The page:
The total number of January 2016 releases that I might be able to sit through without too much difficulty is…uhm, three. Okay, make it four. But really only two. I’m talking about (a) a pair of actioners about tough guys doing the rugged heroism thing, (b) what appears to be just another stupid, vulgar boner comedy, and (c) a troubled western that probably isn’t much good but you never know. Be optimistic.
The only 2016 commercial release that I damn well know will be good if not excellent in a droll, understated way and which I’m expecting to see next month (even though it won’t open until February 5th) is Joel and Ethan Coen‘s Hail Caesar!
The safest January bets are Michael Bay‘s 13 Hours: The Secret Soldiers of Bengahzi (Paramount, 1.15) and Craig Gillespie‘s The Finest Hours (Disney, 1.29). Neither will offer much in the way of thematic undercurrents, but at least they’re dealing with real-life events and will therefore need to deliver the goods in an “execution dependant” way.
I expect competency, at least, from Bay’s film, which is about that 9.11.12 mob attack upon an American compound in Benhgazi that resulted in the deaths of U.S. Ambassador J. Christopher Stevens and U.S. Foreign Service Information Management Officer Sean Smith. Will Bay include a line or even a scene that points the finger at then-Secretary of State Hillary Clinton for not having done all she could to prevent this disaster? Seems doubtful. Bay is primarily a technician. He’s never come within 100 yards of political content in his previous films. He just wants to ride the smooth seas.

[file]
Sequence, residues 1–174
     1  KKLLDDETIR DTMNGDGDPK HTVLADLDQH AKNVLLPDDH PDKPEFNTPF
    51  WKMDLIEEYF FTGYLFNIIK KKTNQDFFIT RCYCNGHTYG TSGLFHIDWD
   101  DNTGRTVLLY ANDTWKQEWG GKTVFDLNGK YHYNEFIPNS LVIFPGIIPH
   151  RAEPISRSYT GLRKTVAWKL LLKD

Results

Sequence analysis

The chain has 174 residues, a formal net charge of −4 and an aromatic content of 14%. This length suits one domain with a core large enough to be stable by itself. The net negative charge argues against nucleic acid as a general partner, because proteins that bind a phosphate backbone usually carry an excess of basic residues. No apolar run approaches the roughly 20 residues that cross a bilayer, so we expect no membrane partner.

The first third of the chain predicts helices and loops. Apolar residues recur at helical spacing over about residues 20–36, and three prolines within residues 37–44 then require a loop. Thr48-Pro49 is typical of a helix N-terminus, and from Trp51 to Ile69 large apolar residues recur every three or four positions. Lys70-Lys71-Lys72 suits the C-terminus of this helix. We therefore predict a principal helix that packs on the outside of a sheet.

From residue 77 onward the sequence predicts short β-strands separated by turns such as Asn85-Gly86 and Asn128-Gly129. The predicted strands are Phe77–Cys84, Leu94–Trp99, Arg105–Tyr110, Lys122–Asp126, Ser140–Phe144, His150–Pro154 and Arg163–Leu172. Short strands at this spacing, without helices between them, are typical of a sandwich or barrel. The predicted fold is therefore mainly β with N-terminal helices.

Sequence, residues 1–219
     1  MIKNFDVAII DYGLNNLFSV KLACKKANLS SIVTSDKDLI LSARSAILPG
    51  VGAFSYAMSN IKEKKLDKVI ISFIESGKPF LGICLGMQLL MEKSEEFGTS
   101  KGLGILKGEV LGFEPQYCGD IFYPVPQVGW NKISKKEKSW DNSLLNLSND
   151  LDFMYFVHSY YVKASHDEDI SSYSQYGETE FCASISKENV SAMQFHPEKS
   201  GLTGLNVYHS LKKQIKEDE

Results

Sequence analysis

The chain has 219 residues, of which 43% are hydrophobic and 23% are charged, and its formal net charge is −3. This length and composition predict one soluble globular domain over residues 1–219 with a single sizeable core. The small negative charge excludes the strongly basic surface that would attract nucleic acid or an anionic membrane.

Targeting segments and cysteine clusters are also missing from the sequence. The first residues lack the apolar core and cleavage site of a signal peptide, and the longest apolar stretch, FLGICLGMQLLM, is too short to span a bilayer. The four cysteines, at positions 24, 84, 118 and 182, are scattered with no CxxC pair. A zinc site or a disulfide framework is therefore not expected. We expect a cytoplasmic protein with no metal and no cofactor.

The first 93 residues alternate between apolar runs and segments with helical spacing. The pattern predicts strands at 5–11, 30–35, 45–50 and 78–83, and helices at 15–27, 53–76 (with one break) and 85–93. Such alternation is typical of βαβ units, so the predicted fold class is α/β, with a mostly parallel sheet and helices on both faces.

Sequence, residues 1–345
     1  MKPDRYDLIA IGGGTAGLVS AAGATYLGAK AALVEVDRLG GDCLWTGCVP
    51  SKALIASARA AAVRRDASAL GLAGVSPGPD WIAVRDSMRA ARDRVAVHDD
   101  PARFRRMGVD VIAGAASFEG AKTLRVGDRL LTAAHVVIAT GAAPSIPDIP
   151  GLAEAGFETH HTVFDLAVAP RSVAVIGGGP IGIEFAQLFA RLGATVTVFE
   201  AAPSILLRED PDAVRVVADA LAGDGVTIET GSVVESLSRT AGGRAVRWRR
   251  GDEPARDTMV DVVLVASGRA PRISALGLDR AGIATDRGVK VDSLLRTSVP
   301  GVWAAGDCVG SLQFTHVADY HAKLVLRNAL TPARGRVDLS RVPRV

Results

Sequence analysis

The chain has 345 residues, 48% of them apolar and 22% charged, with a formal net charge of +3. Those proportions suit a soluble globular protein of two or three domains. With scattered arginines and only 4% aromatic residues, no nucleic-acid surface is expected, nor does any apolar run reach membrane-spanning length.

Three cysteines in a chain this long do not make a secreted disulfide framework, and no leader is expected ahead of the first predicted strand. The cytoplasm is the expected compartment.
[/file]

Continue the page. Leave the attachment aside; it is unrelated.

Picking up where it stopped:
And then there’s Dan Mazer‘s Dirty Grandpa (Lionsgate, 1.22), which costars Zac Efron and Robert DeNiro and may, I suspect, turn out to be oddly likable. No predictions, just a hunch. Because DeNiro has lately been on a kind of roll.
I suppose we could stretch the list to four if we include Jane Got A Gun (Weinstein Co., 1.29), which has been floundering around for…what, three years now? The original director was Lynne Ramsay, who quit the shoot at the last minute and was soon after replaced by Gavin O’Connor. Pic was going to be released in August 2014 by Relativity, and then February 2015. And then Relativity went bust. I’m still figuring it might be something as Brian Duffield‘s original script was on the 2011 Black List.
The rest, in my mind, are throwaways:
Jason Zada‘s The Forest (Gramercy Pictures, 1.8), a horror film set in Japan’s Aokigahara Forest, an area at the northwest base of Mount Fuji where people go to commit suicide. I’m trying to think of a joke about Gus Van Sant‘s Forest of Trees, which was set in the same location and died a quick death after being screened at last May’s Cannes Film Festival.
Trevor Wall‘s Norm of the North (Lionsgate, 1.15). I don’t do animated family fare.
Tim Story‘s Ride Along 2 (Universal, 1.15). A sequel to 2014’s Ride Along. No way.
“J” Blakeson‘s The 5th Wave (Columbia, 1.22). Another futuristic sci-fi movie in the vein of Convergent and The Hunger Games, based on the Rick Yancey novel (which has a sequel called “The Infinite Sea“). Aimed, as usual, at younger filmgoers who just want that bizarre territorial YA mythology and are for the most part unencumbered by taste or quality standards. Not with a knife at my throat.
William Brent Bell‘s The Boy (STX, 1.22). More crap horror. Get outta here.
Michael Tiddes‘ Fifty Shades of Black (Open Road, 1.29) — parody spoof of Fifty Shades of Grey, which was its own parody.
Kung Fu Panda 3 (20th Century Fox/DreamWorks Animation) — Go away.